Saturday, February 18, 2006

Resonance (a workshop for black poets)

Please spread the word about this upcoming poetry workshop -- Mendi

Resonance: Working Sound in the Written Poem
Led by Mendi Obadike
Tuesdays, March 14th – May 2nd, 2006
Bloomfield College (Westminster Hall),
63 Fremont Street,
Bloomfield, New Jersey

Resonance: Working Sound in the Written Poem

When a phrase or idea in a poem resonates, it not only makes an immediate impression, it also stays with the reader long after the moment of reading. During this eight-week workshop, we will discuss methods for learning from other poets, try exercises for generating new ideas, and present poems for critique. While poets are welcome to write on any topic or style, many of our exercises will concern ways to invoke sound (music, voice, noise and even silence) most powerfully in our work. Because many critics and writers have historically located the blackness of black poetry in references to sound, we will also discuss ways and reasons why we might incorporate identifiably "black" matters and materials in our work.

Mendi Obadike is a poet, musician, and conceptual artist whose work has been published, exhibited, and broadcast internationally. Her work explores poetics across media. She is the author of Armor and Flesh: Poems and the librettist of the Internet opera The Sour Thunder. She has received commissions from the Whitney Museum, Yale University, the New York African Film Festival, and Electronic Arts Intermix. Her awards include the Naomi Long Madgett Poetry Prize, the Connecticut Commission on the Arts Award, and the John Hope Franklin Distinguished Teaching Fellowship. She received the Rockefeller Media Arts Fellowship with her husband, artist and composer Keith Obadike, to complete the opera TaRonda, Who Wore White Gloves . Together they recently workshopped their opera Four Electric Ghosts as artists in residence in Toni Morrison’s Atelier at Princeton. Mendi received a Ph. D. in Literature from Duke University. She teaches at The School of Visual Arts and Montclair State University.

Featured poem: Even the Magnolia

Application Process

The New Jersey Workshop is free and open to African American poets from the New Jersey area. Submit two (2) copies of four to six (4-6) poems, with a cover letter stating why you want to attend and what you hope to gain from the workshop. Please be sure to include your street address, telephone number, email address, and a statement of commitment to attending at least nine of the eleven sessions.

The class of 12 to 15 poets will meet on Tuesday nights, 7:00 to 9:00 pm, from March 14th through May 2nd, 2006. The workshops are held in Westminster Hall at Bloomfield College, 63 Fremont Street, Bloomfield, New Jersey.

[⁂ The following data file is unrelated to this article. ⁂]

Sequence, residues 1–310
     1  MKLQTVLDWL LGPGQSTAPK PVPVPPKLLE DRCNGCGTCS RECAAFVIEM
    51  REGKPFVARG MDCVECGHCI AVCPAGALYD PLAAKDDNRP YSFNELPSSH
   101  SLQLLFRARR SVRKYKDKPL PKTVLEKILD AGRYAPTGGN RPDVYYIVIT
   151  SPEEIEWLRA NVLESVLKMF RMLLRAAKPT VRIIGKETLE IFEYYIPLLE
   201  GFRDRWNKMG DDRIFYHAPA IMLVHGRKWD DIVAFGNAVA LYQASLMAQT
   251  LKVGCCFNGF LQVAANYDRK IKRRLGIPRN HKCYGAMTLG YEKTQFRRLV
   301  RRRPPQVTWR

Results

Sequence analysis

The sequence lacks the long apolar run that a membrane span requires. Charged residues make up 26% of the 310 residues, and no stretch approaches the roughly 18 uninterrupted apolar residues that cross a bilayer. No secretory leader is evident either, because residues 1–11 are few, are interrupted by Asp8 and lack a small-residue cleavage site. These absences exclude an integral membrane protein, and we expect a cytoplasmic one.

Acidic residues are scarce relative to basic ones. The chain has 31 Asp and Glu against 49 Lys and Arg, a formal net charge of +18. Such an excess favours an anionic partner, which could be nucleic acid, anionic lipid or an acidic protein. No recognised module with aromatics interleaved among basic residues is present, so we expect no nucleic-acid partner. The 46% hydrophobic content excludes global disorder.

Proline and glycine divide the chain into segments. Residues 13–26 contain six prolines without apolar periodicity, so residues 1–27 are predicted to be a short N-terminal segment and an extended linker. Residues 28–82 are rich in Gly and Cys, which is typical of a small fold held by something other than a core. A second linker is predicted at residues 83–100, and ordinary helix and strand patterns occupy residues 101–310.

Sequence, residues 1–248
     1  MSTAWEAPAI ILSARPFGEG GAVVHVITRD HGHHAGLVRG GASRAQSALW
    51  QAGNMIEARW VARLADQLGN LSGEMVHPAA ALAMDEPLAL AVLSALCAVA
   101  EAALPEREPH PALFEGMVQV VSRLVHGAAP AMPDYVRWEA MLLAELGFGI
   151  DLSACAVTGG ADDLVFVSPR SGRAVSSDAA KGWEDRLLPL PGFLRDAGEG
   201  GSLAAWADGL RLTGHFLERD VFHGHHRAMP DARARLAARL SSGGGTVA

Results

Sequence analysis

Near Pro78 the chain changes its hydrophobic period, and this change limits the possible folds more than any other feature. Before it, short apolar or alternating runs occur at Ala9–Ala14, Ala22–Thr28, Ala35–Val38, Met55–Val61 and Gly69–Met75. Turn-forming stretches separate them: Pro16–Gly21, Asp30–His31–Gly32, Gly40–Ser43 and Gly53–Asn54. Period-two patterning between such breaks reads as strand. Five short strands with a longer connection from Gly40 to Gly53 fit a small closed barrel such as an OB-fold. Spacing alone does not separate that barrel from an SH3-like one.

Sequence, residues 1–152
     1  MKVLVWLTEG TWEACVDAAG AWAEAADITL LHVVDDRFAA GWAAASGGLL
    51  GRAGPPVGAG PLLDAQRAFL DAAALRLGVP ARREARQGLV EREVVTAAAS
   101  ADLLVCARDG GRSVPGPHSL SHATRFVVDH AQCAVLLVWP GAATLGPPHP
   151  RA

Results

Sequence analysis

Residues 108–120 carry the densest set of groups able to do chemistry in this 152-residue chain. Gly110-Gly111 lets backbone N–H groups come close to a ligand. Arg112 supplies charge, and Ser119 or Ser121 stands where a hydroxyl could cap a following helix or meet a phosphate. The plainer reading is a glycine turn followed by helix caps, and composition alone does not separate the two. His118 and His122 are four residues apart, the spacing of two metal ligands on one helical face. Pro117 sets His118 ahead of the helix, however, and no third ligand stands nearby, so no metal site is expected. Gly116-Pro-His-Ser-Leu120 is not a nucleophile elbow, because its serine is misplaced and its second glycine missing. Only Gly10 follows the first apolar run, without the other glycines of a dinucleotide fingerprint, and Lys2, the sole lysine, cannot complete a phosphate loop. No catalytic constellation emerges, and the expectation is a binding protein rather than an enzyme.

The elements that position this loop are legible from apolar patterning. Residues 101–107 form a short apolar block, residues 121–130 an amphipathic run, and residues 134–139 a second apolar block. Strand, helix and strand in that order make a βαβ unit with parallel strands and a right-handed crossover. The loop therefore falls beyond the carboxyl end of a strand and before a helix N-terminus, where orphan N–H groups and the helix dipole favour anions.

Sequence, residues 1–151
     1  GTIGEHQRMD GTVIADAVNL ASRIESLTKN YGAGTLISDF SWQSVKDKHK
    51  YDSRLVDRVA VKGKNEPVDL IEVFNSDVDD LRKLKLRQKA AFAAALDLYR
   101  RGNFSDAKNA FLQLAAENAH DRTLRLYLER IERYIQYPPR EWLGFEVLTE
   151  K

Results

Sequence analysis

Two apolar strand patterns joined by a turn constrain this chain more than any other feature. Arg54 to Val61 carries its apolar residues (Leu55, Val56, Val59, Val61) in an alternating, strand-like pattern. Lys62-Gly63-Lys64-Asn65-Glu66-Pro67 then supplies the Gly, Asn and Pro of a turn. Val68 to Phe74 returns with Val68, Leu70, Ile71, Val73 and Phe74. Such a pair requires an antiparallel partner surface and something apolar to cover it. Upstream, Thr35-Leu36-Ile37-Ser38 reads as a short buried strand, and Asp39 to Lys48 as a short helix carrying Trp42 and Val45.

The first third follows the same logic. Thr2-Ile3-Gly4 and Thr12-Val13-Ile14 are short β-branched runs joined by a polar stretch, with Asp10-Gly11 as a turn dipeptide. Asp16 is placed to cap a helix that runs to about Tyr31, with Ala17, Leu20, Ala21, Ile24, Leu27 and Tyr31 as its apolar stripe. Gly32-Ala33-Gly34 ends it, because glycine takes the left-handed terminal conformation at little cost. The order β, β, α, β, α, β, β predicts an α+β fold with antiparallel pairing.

Registration deadline: POSTMARKED BY FEBRUARY 27, 2006

Cave Canem New Jersey Workshop I
Cave Canem Foundation, Inc.
584 Broadway, Suite 508
New York, NY 10012

Cave Canem began programming in New Jersey in the fall of 2003 with a workshop series led by Willie Perdomo. Yusef Komunyakaa, Cheryl Clarke, Tracy K. Smith and Herman Beavers have also facilitated sessions. Designed for emerging writers, the workshops are free and open to African American poets who live in New Jersey. These workshops are located in various areas of the state to bring this opportunity to a wide range of emerging poets: to date, they have been held in Bloomfield, Trenton, Camden and Newark. Course size is limited to 10—12 poets to assure the sense of safety and community that is Cave Canem's hallmark. The workshops have been made possible through the generous support of The Geraldine R. Dodge Foundation. Advanced Workshops meet once a week for eight weeks. Designed for emerging writers whose skills have reached an advanced stage, the workshops are free and open to New Jersey residents. The workshops are taught by renowned poets who are also excellent teachers. We ask for a commitment by participants to attend seven of the eight workshops in order to maintain the group's focus and momentum. Acceptance in future workshops depends on honoring that commitment.


Blogger John K said...

Mendi, although the deadline has passed, are you/CC still accepting applications? If so, let me know and I'll crosspost about this! I wish I could take it!

3:52 AM, March 02, 2006  
Blogger Christina Springer said...

Dang Mendi, that Margnolia poem is awesome! Thank you for that - I just felt myself shivering off the London gloom.

Good luck with your workshop!

3:47 PM, March 04, 2006  
Blogger Mendi O. said...

Thankyou, Christina! How wonderful to think my poem could help you do that. And thanks for that crosspost, John!

4:30 PM, March 04, 2006  

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